During his six years in South Africa, Fassin witnessed how the country developed into an epicenter of the AIDS pandemic. Prognoses estimated the life expectancy of adults to decrease by 20%, and one adult of four was registered HIV positive—with the black population disproportionately affected. Science denialism, the rejection of scientific explanations, began to spread and was even articulated by decision makers in the highest political ranks. There was doubt that the immunodeficiency was caused by a virus; the efficacy of medications was disputed or played down as negligible in relation to their fatal side-effects. In Fassin’s monograph on this topic, When Bodies Remember (2007), it is painful to read about this reaction to the crisis. But the dismissal, negating, the rigorous condemnation—this is by no means what Fassin’s readers go away with. Instead, he calls for profound historical anthropological focus in the understanding of these momentous views of the virus. For example, he mentions the ostensibly plausible narrative in South Africa at the turn of the millennium, that it was the fault of »the West«: AIDS was intentionally planted in South Africa in order to decimate the black population, in particular, and to abuse them as guinea pigs to test drugs. Characteristic of conspiracy theories, the control of events in an angst-ridden situation is attributed to a small group of powerful elite. Wasn’t the mortality rate especially high among the black population? This came in handy to disguise the fact that the catastrophic working conditions in low-wage occupations hit the black population far harder. Conspiracy and power relations are interdependent. But also the country’s post-colonial situation was a decisive motivating factor for the conspiracists, willingly overlooked by the West. In South Africa’s collective memory the model of a resentful foreign elite is an established fact. The colonial administration used the plague epidemic of 1900 not to separate the sick from the healthy, but white people from black people. The latter were forced into townships, which is considered a founding stone of apartheid and racial segregation of the late twentieth century.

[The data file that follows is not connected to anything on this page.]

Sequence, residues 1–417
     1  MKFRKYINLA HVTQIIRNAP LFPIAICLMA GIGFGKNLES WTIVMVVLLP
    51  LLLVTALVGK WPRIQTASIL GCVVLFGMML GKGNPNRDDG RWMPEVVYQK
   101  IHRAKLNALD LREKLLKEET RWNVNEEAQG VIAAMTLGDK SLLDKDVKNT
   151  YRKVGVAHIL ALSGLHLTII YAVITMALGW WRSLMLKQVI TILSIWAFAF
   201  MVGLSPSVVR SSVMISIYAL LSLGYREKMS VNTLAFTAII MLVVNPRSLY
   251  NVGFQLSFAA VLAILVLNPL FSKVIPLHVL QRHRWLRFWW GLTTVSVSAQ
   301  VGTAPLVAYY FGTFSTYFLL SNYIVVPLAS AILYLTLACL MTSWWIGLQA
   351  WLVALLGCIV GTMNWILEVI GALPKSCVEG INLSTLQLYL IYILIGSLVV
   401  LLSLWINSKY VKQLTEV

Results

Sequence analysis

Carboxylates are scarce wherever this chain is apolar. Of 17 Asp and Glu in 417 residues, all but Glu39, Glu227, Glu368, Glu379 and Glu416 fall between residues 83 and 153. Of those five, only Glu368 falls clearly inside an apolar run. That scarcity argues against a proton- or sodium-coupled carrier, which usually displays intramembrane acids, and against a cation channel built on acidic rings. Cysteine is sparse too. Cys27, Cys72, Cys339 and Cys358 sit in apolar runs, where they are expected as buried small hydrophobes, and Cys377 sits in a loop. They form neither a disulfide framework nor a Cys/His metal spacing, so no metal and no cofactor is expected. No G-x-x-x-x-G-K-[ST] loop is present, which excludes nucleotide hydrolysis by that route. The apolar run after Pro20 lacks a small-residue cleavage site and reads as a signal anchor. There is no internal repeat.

At this point, Fassin does not go so far as to call conspiracy theory itself a form of critique. Yet, the manner in which he draws from the history of violence, genealogy, and moral anthropology to explain irrationalist beliefs is also familiar. He insists that taking conspiracy serious and engaging in modes of understanding that spur conspiracy in times of plague enable one to decipher irrationalism and does not imply the demise of critique. Furthermore, he holds the agents of inequality partly responsible for the rise of conspiracy theories. One wonders, however, if there are positions that do not deserve this concession, or if there are also experiences of violence behind the ever louder corona myths in circulation. Still, the distorted, peculiar critique of the AIDS denialists in South Africa remains an occasion for critique, yet is not elevated to the same rank as such. In the hegemonic framework conspiracy theory is contoured as a force that can be traced back to the specific local history of violence. As opposed to equating critique with the rationality of its subject, Fassin advocates the analysis of inequality as a central practice of critical thinking.